Not long afterwards, I received a call from the police station that the koala had been collected and that “he” was actually a “she”. She was doing ok and they had named her Renee!
Today, I received another call from Koala Rescue with an update on Koala Renee, followed by the email below with exciting news…
I’ve just made a small donation to the fantastic work this not-for-profit volunteer organisation do and would encourage everyone to take a look at their website www.moretonbaykoalarescue.org
Thank you for rescuing the koala yesterday. I have attached a few photos for you. We will put a story on the website later today. www.moretonbaykoalarescue.org
She was 4yrs old, bodyscore 5/10 and weighed only 3.7kg. She wasn’t in very good condition and had previous mild trauma. Otherwise looks like thanks to you she escaped being hit by a car, she was very lucky.
A little surprise as well – a 3-4 week old baby in her pouch.
I was born in Australia in 1975 to Australian parents (who have an Italian/English heritage). Right through my childhood, primary school and high school, I had a yearning to see other places, but had never left Australian soil. From a young age, I had numerous overseas penfriends. Back then – before the concept of the internet was even considered in the public sphere – I waited eagerly each day for the postman to bring envelopes from far off exotic places. I carefully peeled off the stamps for my album, and read letters from other children living lives in places very different to mine, yet revolving around most of the same daily issues as mine – school, family, friends, food.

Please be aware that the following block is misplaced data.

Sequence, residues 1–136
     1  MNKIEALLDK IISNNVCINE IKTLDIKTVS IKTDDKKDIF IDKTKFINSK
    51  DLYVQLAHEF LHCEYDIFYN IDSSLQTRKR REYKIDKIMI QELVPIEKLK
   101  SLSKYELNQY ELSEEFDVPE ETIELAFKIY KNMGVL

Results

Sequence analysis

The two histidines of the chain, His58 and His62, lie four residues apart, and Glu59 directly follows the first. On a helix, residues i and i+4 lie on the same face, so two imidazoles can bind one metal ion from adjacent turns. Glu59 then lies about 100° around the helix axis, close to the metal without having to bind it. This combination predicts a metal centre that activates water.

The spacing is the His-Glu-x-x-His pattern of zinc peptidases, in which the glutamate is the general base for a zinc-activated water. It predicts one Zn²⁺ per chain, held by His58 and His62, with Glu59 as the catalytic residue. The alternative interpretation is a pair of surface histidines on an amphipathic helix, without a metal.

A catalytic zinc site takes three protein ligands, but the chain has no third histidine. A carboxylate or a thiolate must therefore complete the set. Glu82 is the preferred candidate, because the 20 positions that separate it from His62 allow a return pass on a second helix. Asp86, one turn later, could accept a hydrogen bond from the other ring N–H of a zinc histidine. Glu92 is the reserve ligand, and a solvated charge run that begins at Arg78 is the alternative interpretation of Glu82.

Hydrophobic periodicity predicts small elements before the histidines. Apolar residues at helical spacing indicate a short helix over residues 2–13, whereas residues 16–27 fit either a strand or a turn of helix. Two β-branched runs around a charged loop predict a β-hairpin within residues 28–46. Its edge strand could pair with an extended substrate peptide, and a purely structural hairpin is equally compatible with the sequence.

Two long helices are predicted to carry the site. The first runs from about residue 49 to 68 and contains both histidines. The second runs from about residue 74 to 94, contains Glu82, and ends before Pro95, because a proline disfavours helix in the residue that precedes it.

Australia is perhaps the most multicultural country on earth and has been referred to as a “cultural melting pot” where, at least for the majority of my life and in my own experience, those from different backgrounds live relatively harmoniously together. I must check on the actual statistics, though a large part of the current population, if not born overseas themselves, have at least one parent, or most certainly a grandpart who has immigrated from foreign land. I grew up in a rural area where we were predominately white children with a european heritage, though I do remember always having a keen genuine interest in other cultures rather than any fear or predjudice. I am ashamed to say that there was little that I remember being taught in school of the traditional aboriginal ownership of my country, and history of what really happened when the English settled was glossed over. I’m pleased to see that this is changing but that’s another story.